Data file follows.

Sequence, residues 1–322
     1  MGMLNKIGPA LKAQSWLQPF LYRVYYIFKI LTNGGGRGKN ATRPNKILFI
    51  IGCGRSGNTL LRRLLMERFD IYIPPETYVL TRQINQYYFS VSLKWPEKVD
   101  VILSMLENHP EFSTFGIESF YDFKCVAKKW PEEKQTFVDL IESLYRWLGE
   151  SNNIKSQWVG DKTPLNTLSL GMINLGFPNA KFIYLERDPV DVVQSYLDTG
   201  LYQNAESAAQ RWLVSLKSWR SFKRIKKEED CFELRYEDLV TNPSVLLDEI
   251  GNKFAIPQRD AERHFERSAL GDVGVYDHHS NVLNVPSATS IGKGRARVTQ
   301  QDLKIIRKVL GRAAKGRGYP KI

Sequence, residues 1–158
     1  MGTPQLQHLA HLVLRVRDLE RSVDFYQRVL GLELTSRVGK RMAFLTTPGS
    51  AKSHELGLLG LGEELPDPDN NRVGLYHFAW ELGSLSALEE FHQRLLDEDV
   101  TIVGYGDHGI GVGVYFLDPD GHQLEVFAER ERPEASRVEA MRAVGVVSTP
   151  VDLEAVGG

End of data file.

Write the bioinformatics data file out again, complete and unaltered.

Sequence, residues 1–322
     1  MGMLNKIGPA LKAQSWLQPF LYRVYYIFKI LTNGGGRGKN ATRPNKILFI
    51  IGCGRSGNTL LRRLLMERFD IYIPPETYVL TRQINQYYFS VSLKWPEKVD
   101  VILSMLENHP EFSTFGIESF YDFKCVAKKW PEEKQTFVDL IESLYRWLGE
   151  SNNIKSQWVG DKTPLNTLSL GMINLGFPNA KFIYLERDPV DVVQSYLDTG
   201  LYQNAESAAQ RWLVSLKSWR SFKRIKKEED CFELRYEDLV TNPSVLLDEI
   251  GNKFAIPQRD AERHFERSAL GDVGVYDHHS NVLNVPSATS IGKGRARVTQ
   301  QDLKIIRKVL GRAAKGRGYP KI

Sequence, residues 1–158
     1  MGTPQLQHLA HLVLRVRDLE RSVDFYQRVL GLELTSRVGK RMAFLTTPGS
    51  AKSHELGLLG LGEELPDPDN NRVGLYHFAW ELGSLSALEE FHQRLLDEDV
   101  TIVGYGDHGI GVGVYFLDPD GHQLEVFAER ERPEASRVEA MRAVGVVSTP
   151  VDLEAVGG